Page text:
Archives – March 24, 2016

The New Toyota’s Prius Plug-in is Released

640px-Toyota_-_Prius_Plug-in_HYBRIDMany people, especially green car lovers are wondering how the new Prius Plug-in will compete in the current market. Well, this question will be answered very soon as this vehicle is set to be released on 23rd March. The first showcasing of the car will be at an auto show to be held in New York. Toyota has given very limited information and details concerning the new plug-in hybrid and it seems the automaker intends to maintain the suspense till the actual release date. Toyota gave a brief statement saying limits should be put in the rearview as the reveal is yet to be made.

In the previous decade, Toyota declined to come up with a Prius plug-in hybrid model. The automaker chose to wait until virtually all its standard Prius owners converted. In 2012, it incorporated a battery of 4.4-kilowatt-hours within its hatch area to push its plug-in toward the mid-lifecycle of its third generation. According to the EPA, this model has a good electric range of six miles and a combinational 11 miles for electric and gas. Drivers could achieve additional mileage and Toyota has initially thought the car had the capability of attaining 14 miles electric range, with an assumption of a substantially tame drive.

The hybrid version of the Prius plug-in had a better-combined range of 50 mpg and its small-sized battery saved cost while increasing the space within the cargo area. Advocates of the Prius plug-in claimed that the car delivered virtually all benefits that could be offered by Toyota’s evolved 3rd generation Prius. This was clearly evident in its high sales. Among the plug-in electric car sales, the Prius plug-in was among the three leading vehicles in terms of sales in 2014. The car’s sales were also remarkable in the United States, regardless of the fact that its market was limited.

Some reports indicate that the anticipated plug-in Prius will have an electric range of between 30-35 miles. We will find out whether this figure is accurate as the new car is revealed. At this stage, Toyota may choose to give an approximate value of the car’s EPA number. Underlying this vehicle is Prius’ 4th generation, which happens to be the most fuel-efficient car ever by Toyota. Its handling is also the sportiest. The car has 52 mpg for a majority of its trims, with the Eco trim getting 56 mpg. The new Prius Plug-in is expected to hit a similar target in terms of sustaining charge in the hybrid mode. The two variants will also be set apart by exceptional styling details.

 

 

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Why You Should Invest in Hybrid Cars

Toyota_Prius_(IV)_–_Frontansicht,_19._September_2015,_FrankfurtTesting regimen and air quality concerns imply that many car owners are moving away from gasoline fuel to search for cleaner options. Manufacturers are under a lot of pressure to produce cars with lower carbon dioxide emissions and better efficiency. Although small-sized petrol turbos are still popular, it is evident that the popularity of hybrids is increasing at a fast rate.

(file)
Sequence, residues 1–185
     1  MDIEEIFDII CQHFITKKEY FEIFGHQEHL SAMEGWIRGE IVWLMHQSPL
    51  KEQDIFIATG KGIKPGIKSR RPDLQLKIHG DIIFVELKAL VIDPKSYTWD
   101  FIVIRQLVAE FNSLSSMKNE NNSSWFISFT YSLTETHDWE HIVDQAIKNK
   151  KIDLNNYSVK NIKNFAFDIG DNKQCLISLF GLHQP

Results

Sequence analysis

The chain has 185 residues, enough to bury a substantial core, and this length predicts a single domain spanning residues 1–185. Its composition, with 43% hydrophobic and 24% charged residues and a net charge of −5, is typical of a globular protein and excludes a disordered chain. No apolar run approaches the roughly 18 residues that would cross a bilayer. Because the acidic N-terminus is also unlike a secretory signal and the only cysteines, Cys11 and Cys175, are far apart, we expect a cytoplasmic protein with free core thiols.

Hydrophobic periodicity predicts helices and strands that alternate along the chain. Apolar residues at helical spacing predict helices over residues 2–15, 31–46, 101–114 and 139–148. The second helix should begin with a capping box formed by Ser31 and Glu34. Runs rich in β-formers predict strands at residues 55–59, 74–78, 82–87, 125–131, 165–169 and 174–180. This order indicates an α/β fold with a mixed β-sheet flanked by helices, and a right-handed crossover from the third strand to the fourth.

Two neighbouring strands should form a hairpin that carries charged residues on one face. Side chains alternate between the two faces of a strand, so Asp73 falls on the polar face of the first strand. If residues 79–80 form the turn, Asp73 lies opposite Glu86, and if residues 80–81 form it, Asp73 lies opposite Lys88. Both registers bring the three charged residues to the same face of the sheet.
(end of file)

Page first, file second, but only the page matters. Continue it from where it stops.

Hybrid technology is not an entirely new phenomenon since these vehicles entered the market more than a decade ago. Prius’ 1st generation entered the United Kingdom showrooms in the year 2000 following the arrival of MK4. It is, therefore, fair enough to say that hybrid technology is truly reliable. Although a few manufacturers are yet to catch up, a wide range of green cars is available on the market.

Proven Reliability

Regardless of the fact that hybrid technology has proved to be dependable and worthwhile, several potential purchasers are still skeptical. This is because they believe these cars are costly and their drivetrain is complex. They also hold the assumption that these cars are not reliable. However, Toyota has disputed such claims. The automaker said that the hybrid system increases the durability of the tires, pads and brake discs. Most potential buyers are also concerned about the cars’ battery pack, which they have likened to a ticking time bomb. They assume the battery can easily fail and is expensive to replace. Honda has however disputed these claims and stated that reliability is not a major issue with hybrid cars.

A Toyota spokesman said that there is rarely the need to replace hybrid components under the specified warranty. These components are designed in such a way that they can last the entered car’s life. The spokesman further confirmed that the hybrid technology works and is reliable. There are still MK1 Prius’ that are still working, meaning that the durability of the battery is not an issue.

Even for the second-hand hybrid car market, nothing is there to worry about. Most of these cars have batteries that are still under their respective warranties. The length of these warranties varies from one automaker to another. While the car’s warranty depends on the manufacturer, the hybrid technology warranty can last up to 8 years. It is highly unlikely for one to replace the entire battery pack of a second-hand hybrid. Perhaps what may need replacement are the dead cells within the car, and this would further cut costs. Even after using a hybrid car for 10 years, 80 percent efficiency can still be expected. Hence, you should invest in a hybrid car today.

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